The real world

For this biomedical researcher, the end-goal of research is to benefit people – and the key to unlocking that impact is strong industry collaboration.

Arguably, the ultimate aim for all health science research is to help people in the community. For Professor Mark Hulett, Head of the Department of Biochemistry & Genetics at La Trobe University, strong and successful partnerships with industry can make this a reality.

Mark has a striking history of industry collaborations, and says he owes a lot of this success to his decision to make his academic home at La Trobe.

‘Throughout my career, I’ve always tried to focus my research with an end-product in mind,’ says Mark, a biomedical researcher with a focus on infectious diseases and cancer.

‘I've been involved with a number of industry partners, and La Trobe is very supportive of collaboration with industry.’

Best of both worlds

Mark’s experience with industry amounts to decades, and his current partnerships include two biotech companies that are based on site at our Bundoora Campus.

‘These days, the lines between industry and academic research are quite blurred, and will become more so in the future, so having industry partners on site is fundamental,’ says Mark.

For La Trobe, this isn’t a new frontier: ‘Biotech companies have been embedded here for decades,’ he explains. ‘There are a lot of attractive resources in terms of facilities, platforms, and access to equipment that industry can tap into.’

Mark says the intellectual resources are also an enormous bonus. ‘Industry benefits from working with us in that they get to tap into our intellectual capacity, our skill sets in basic biomedical research, and really high-end technical expertise that's normally very expensive to access.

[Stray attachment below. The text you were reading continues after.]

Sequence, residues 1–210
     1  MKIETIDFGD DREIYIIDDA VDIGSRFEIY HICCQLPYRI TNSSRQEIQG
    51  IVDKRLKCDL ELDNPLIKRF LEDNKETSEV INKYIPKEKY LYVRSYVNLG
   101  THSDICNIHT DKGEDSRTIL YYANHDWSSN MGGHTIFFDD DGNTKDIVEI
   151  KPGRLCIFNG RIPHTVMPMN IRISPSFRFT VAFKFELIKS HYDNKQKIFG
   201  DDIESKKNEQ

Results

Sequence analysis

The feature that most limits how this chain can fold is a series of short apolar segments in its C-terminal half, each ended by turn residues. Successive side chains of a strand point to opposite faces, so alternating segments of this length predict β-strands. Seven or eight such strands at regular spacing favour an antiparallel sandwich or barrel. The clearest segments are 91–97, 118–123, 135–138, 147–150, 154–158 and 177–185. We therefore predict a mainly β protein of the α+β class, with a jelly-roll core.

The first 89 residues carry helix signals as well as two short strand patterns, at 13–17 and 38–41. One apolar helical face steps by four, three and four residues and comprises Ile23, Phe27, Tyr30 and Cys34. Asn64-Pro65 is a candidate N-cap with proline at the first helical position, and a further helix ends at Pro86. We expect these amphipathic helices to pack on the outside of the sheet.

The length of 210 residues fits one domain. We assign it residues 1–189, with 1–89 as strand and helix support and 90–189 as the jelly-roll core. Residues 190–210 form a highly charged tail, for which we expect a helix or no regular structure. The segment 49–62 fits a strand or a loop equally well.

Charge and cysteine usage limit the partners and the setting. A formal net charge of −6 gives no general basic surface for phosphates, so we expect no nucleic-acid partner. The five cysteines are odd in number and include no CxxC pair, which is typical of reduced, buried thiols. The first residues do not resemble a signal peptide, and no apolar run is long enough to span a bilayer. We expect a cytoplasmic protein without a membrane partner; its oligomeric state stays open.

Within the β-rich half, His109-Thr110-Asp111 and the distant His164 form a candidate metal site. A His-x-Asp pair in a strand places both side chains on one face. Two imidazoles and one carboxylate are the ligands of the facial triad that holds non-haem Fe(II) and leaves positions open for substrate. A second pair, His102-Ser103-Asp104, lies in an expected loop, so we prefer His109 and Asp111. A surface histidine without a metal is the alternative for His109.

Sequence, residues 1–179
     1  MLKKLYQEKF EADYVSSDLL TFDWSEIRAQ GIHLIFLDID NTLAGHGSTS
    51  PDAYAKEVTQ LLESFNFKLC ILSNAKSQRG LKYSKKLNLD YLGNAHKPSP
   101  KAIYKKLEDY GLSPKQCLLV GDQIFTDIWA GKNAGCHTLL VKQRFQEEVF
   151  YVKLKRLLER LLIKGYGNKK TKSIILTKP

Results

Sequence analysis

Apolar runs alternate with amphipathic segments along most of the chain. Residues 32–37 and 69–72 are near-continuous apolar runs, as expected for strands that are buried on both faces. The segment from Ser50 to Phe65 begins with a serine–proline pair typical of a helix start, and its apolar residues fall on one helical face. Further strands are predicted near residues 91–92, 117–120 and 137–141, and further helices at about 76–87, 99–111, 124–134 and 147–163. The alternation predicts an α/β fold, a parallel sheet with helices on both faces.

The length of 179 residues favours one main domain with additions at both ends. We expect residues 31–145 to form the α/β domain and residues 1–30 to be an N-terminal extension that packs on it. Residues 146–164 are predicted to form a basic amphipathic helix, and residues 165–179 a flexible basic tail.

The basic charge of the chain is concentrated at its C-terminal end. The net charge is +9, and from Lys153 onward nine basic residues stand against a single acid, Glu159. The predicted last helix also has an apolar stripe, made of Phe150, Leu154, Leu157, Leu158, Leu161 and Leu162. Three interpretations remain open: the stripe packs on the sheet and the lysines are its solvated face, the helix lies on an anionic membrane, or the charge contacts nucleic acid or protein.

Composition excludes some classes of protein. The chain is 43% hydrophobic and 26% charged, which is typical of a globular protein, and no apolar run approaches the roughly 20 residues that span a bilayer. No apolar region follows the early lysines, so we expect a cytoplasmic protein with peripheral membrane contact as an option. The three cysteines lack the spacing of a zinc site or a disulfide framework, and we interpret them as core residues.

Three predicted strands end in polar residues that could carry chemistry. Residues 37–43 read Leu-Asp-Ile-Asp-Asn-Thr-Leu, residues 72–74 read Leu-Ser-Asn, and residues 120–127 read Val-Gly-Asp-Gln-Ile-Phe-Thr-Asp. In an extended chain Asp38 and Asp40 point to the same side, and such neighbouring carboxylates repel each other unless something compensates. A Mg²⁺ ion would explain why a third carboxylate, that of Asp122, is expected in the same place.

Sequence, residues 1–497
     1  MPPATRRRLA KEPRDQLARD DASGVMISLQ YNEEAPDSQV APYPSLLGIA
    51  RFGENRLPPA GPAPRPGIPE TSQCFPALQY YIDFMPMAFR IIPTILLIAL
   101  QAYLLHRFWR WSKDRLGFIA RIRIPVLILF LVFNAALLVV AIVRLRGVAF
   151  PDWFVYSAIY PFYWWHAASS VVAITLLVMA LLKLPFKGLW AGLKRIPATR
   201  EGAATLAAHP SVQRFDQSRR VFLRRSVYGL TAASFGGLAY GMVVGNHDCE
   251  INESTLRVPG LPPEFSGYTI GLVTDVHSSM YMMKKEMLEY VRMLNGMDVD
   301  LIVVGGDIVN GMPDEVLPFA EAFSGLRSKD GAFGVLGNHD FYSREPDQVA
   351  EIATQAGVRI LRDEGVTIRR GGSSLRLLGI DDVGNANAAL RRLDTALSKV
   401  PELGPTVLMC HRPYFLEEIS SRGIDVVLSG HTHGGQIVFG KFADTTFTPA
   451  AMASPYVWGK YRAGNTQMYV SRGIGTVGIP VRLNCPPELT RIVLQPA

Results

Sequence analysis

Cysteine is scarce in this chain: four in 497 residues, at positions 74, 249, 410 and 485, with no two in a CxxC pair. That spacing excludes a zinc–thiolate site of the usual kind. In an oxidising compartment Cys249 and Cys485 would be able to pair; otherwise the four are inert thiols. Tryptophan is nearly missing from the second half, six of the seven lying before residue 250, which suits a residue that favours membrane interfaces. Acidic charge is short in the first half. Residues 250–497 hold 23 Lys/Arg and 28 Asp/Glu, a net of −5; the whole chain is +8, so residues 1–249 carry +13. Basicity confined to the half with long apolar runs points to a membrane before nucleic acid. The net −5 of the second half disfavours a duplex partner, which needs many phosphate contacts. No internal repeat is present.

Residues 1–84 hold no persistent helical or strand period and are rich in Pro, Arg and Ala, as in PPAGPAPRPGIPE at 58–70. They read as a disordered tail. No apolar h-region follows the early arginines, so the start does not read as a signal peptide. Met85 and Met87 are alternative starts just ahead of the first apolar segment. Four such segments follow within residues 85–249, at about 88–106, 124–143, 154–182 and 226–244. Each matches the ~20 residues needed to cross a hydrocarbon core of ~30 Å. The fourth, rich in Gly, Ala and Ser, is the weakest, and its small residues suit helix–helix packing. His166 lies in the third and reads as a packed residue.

‘As well, a lot of us have experience with industry – we have past histories of trying to get products into the marketplace, and all the hurdles and issues that come with trying to do that.’

That valuable expertise extends beyond professors: Mark says his PhD candidates collaborate with industry, and some even go on to be employed by biotech companies – which is a great outcome for all involved.

‘The companies get access to train up someone with the right skill set, which can help expand and grow their operations. A few of my past students have gone on to work with biotech companies. There are a lot of opportunities to have fantastic careers in industry.’

Talent brings money

The benefits of co-locating can also be financial – as funding bodies look favourably upon partnerships.

‘The government is trying to promote academics working with industry, so there are times when we’ve worked together on joint applications that have enabled us to attract funding and drive product development,’ says Mark.

Mark says the Research and Innovation Precinct, where the on-campus companies cohabitate, is a hub of successful partnerships.

‘There's often cross-seeding between the companies: they help each other with research, how to raise funds and move their products into the marketplace, IP and things like that.

‘It’s really a seamless, great model to have these companies embedded on site and totally integrated into academic life.’

But Mark says matching academics with industry is where La Trobe really shines.

‘The Precinct team play an important, supportive role in looking for partnership opportunities, identifying them and making those matches. They help manage all the paperwork, and the legal and IP side of things, where you can just get bogged down.’

Even the University’s location, in Melbourne’s northern suburbs, promises good things for the future.

‘We’re located in the northern precinct, which is a growth corridor,’ Mark says. ‘The opportunities here are fantastic, and the community is getting more engaged and familiar with what La Trobe does, because the University is all about promoting transparency.’

Mark says the future of research is moving towards these collaborations, and he’s very much onboard. ‘There's an element obviously for basic research, but the long-term goal is to produce benefit to the community, and to translate. To liaise with industry is the best way to do that.’